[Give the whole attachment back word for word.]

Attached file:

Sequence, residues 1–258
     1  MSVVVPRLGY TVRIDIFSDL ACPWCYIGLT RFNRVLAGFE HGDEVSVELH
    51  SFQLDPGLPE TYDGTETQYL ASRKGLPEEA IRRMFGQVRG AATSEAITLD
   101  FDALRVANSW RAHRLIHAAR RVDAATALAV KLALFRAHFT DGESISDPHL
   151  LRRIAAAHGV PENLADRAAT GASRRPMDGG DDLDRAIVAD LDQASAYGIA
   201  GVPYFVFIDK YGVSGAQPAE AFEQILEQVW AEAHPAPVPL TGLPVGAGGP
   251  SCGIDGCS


Sequence, residues 1–258
     1  MSVVVPRLGY TVRIDIFSDL ACPWCYIGLT RFNRVLAGFE HGDEVSVELH
    51  SFQLDPGLPE TYDGTETQYL ASRKGLPEEA IRRMFGQVRG AATSEAITLD
   101  FDALRVANSW RAHRLIHAAR RVDAATALAV KLALFRAHFT DGESISDPHL
   151  LRRIAAAHGV PENLADRAAT GASRRPMDGG DDLDRAIVAD LDQASAYGIA
   201  GVPYFVFIDK YGVSGAQPAE AFEQILEQVW AEAHPAPVPL TGLPVGAGGP
   251  SCGIDGCS